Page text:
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'The Wilderness of Childhood is gone; the days of adventure are past'

(28 Posts)
CarmelitaMiggs Sat 18-Jul-09 12:04:12

Michael Chabon piece here

sarah293 Sat 18-Jul-09 12:30:10

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Astrophe Sat 18-Jul-09 12:51:15

Thanks for sharing the article.

My DC are 5 and 3 - too little to play out anyway (and would be terrified if I sugested it)...but I have thought about this issue since reading "Toxic Childhood" last year (great read).

I am not super molly-coddly with my kids, but the thought of letting them out to play frankly scares me...although I agree it is irrational.

Mums of older kids - do you get to a stage when it seems like the right thing to do? I mean, there was a time when I couldn't imagine DD being away from me for hours at a time, but now she is away for 6 hours 3 days a week at Kindy, and it seems 'right' IYSWIM.

Apart from just overriding our natutral maternal fears, what can we do for our kids to ensure they're access to childhood wilderness?

DH and I very deliberately resist organised activities for the DC (not all, but almost all), and also deliberately resist TV and promote outdoor play and general imaginative play...but its not quite the same as trotting off into the woods for the day is it?

Astrophe Sat 18-Jul-09 12:52:06

their access blush

sarah293 Sat 18-Jul-09 12:57:09

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Astrophe Sat 18-Jul-09 13:05:37

I guess it must depend a bit on where you live and what the community is like. No way I would send DC out at 3 and 5 here - they would be completely alone as no other kids play out - rarely even bigger kids

FranSanDisco Sat 18-Jul-09 13:22:53

My children are 8 yo and 6 yo and play out on the road with other children. Ds is the youngest at 6 yo and I have given great consideration to the 'approriateness' of my decision. I am not totally OK with it but try to keep in in perspective. I am doing a BA (Hons) in Early Childhood Studies and the issue of 'child peril' and 'cotton wool kids' has been discussed at length last semester which has helped. I am afraid of my dc's being run over but not abduction. We have rules that they must stay together, within sight unless agreed otherwise (in someone's garden). I am raising 'feral' children smile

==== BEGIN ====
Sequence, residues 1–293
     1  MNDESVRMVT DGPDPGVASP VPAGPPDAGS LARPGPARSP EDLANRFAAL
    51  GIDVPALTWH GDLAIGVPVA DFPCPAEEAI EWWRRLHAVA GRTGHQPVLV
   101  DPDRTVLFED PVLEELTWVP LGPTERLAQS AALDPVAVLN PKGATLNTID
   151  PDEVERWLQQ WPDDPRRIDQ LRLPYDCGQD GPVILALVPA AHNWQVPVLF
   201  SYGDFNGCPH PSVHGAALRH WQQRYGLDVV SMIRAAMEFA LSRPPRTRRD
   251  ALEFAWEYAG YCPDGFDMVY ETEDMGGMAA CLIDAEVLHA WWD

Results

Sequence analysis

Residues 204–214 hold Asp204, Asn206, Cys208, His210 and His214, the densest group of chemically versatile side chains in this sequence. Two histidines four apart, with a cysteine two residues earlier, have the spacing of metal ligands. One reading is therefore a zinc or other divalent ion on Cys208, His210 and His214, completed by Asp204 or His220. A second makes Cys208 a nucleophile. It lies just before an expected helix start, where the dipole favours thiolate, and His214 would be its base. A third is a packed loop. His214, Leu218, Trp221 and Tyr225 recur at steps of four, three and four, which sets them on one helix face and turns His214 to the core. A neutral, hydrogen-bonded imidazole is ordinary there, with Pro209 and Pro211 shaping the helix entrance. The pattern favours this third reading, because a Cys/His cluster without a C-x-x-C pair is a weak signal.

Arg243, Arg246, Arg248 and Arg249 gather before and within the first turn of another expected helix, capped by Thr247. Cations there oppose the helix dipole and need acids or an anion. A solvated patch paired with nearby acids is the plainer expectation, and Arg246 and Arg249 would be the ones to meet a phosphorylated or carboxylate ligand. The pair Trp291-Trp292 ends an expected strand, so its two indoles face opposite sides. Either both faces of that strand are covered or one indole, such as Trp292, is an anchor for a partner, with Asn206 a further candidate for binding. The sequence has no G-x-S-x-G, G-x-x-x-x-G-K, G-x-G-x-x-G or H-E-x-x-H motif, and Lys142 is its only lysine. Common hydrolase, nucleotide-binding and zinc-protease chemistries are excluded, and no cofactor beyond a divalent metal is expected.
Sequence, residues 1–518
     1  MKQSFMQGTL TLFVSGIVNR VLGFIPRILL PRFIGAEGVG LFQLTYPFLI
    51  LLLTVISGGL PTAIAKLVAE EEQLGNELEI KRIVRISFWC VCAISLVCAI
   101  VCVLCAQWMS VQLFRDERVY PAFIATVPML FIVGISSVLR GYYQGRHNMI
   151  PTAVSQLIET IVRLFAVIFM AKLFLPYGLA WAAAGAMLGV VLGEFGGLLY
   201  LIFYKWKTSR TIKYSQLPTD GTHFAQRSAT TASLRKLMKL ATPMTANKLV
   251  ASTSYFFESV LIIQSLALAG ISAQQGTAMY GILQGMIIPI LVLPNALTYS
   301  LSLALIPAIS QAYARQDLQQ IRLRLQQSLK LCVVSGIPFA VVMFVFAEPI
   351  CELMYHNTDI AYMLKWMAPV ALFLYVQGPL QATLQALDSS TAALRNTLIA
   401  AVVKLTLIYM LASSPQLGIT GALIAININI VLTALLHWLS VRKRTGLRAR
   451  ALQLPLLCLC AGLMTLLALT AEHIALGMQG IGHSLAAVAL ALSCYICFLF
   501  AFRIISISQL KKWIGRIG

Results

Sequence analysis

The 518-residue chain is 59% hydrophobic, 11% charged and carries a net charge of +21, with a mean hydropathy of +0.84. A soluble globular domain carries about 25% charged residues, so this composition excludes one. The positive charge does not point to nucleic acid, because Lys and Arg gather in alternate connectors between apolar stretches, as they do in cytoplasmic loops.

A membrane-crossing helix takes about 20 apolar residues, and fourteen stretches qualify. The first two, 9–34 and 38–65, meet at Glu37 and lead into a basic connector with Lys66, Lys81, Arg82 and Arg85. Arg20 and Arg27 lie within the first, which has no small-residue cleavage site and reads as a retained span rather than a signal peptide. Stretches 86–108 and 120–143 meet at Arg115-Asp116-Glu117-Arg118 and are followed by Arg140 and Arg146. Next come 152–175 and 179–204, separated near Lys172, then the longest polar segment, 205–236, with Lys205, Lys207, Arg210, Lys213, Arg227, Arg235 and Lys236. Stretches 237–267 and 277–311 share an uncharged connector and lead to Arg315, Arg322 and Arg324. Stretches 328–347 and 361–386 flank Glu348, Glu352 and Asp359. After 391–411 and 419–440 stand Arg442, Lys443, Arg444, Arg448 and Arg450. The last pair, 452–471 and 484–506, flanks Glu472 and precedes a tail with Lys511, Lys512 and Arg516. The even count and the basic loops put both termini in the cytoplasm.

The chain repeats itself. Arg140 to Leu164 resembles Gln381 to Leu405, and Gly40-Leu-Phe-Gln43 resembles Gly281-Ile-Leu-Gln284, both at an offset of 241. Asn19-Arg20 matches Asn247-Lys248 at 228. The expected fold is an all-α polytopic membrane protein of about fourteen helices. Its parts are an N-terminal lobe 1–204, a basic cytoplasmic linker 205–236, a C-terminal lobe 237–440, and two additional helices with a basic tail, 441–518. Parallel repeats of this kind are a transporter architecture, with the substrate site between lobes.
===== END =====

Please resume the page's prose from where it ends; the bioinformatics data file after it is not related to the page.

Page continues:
SolidGoldBrass Sat 18-Jul-09 13:35:33

My DS is 4 and though he doesn;t play 'outside' alone yet I now take a book to the park and, if we are at a large party/event with other kids I let him get on with it. For some reason where we live there are quite a few older kids who play in the street regularly so hopefully in a year or two I will be able to let him out to join in as well.
I am fully aware of how witless most of this stranger-danger hysteria is and intend to give DS a good childhood that leads to him developing independence and common sense.

mrsruffallo Sat 18-Jul-09 13:40:24

I absolutely agree with the fear of cars being much greater than that of abduction.
My children leave the house running and don't really stop. Sometimes I lose sight of them for a few minutes as they bolt around corners etc. They are only 6 and 3, but I feel they are safe.
The amount of comments and looks I get is amazing.
I think it's one of the reasons I dislike reigns- it symbolises fear in my eyes

Jas Sat 18-Jul-09 13:40:56

I let ds "play out" for short periods while I am with him. We live on a quiet road but he is prone to dashing out into it so is very heavily supervised at 3.

The dds are 8 and 10 and are currently in a den in a field at the end of our road along with every other child over 6 from the street (there are about 12 of them). Getting to the den requires crossing a small brook, , a path flattened through stinging nettles, and a small fence.

I also have feral children!

edam Sat 18-Jul-09 13:41:08

ds is 6 (today!) and has been 'playing out' since he was 4. Much trepidation on my part at that age but neighbour's 8yo dd was very keen to take him out to play in our street.

Now he plays out with up to a dozen kids who live in the road. It's a cul de sac with lots of communal grassy areas, and at first I didn't let him cross the road - he had to stay in the middle, where our house is (although he does now).

But it's still so restricted compared to my own childhood where, as Riven says, we would go off and play the whole day, up to the woods or down to the stream or across the fields...